1. Please take 30 seconds to register your free account to remove most ads, post topics, make friends, earn reward points at our store, and more!  

My short scale 6

Discussion in 'Luthier's Corner' started by orgmorg, Feb 18, 2008.

  1. orgmorg


    Jan 25, 2008
    Dismal, Tennessee
    Hi, I mentioned this project in the short scale six thread in the basses forum. I just got the neck attached and a couple coats of danish oil on it.
    Scale length is 29 7/16" tuned EADGBE
    Body is mahogany, chambered, with a mesquite top.
    Neck is glued in, padauk, with osage orange fingerboard.
    The osage is quite garish right now, but it will darken considerably with age.
    Sorry for the lousy pics.
  2. radii


    Feb 16, 2007
    Jesus ! That fretboard is on fire ! :)
    How much will it darken do you think ?
  3. RAHAZ


    Feb 12, 2007
    Nice! What electronics are you using?
  4. orgmorg


    Jan 25, 2008
    Dismal, Tennessee
    It will probably get about as dark as the mahogany. It can get way darker, but only when left outside in the weather.
    Electronics will be real simple. I'm using a EMG HZ35 passive pickup, and probably just a volume pot. I never really use a tone control. Not with passive pickups, anyway.
  5. pilotjones

    pilotjones Supporting Member

    Nov 8, 2001

    Did you make or buy the osage lumber? What was it like working it?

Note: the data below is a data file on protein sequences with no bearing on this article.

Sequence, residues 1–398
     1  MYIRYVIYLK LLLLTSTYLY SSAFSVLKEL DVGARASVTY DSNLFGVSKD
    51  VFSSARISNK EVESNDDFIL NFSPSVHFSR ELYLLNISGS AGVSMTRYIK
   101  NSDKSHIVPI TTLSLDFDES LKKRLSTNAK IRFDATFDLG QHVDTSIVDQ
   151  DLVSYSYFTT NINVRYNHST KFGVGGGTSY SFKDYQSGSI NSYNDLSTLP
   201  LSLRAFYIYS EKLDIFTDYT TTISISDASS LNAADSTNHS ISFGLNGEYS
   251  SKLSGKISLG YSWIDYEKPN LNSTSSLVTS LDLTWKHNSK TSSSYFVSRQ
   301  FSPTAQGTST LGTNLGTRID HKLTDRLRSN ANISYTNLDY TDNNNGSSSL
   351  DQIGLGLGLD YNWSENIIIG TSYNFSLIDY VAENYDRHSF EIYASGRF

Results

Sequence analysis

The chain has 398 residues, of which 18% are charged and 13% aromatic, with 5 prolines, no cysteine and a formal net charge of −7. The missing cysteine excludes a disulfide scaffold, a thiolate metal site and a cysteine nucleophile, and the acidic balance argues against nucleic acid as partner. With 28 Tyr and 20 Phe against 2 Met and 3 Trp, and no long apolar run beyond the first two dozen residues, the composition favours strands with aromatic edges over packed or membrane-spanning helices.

So, a baritone scale length, tuned like a guitar one octave down, right?

    I'm surprised you didn't use either the horn shape or part of the shape of those cool body holes for the top of the headstock.
  6. Cool. It's like SG meets BC Rich, sort of.
  7. Wow, that little bass is rad!

    I bet if you put it out in the sun for a couple days, that wood will oxidize quicker.
  8. orgmorg


    Jan 25, 2008
    Dismal, Tennessee

    I like a fairly simple headstock shape. The Neal Moser/BC Rich pitchfork stuff is cool looking, but not really my cup of tea.

    On the baritone/bass issue, there is more info on this type of 6 string in this thread:


    I milled the osage myself.. I think. I have a portable sawmill, but this piece may have come from a tree I salvaged before I had it. It works really nicely with good sharp carbide tools. It is prone to tearout on the jointer, especially on a quartersawn face, like this. It is probably the hardest and strongest wood native to this country. Has a beautiful bell-like tap tone, as well. I often cut up the smaller branches for firewood, and when you toss the pieces in a pile, it sounds like someone playing a marimba. :D

    And yes, sunlight will definitely speed up the oxidation.
    Now that I think of it, the stump that the bass is leaning against in the first pic is osage orange, possibly from the same log as the fingerboard. That's been sitting out for several years.
  9. pilotjones

    pilotjones Supporting Member

    Nov 8, 2001
    There's something cool about that.

Share This Page

  1. This site uses cookies to help personalise content, tailor your experience and to keep you logged in if you register.
    By continuing to use this site, you are consenting to our use of cookies.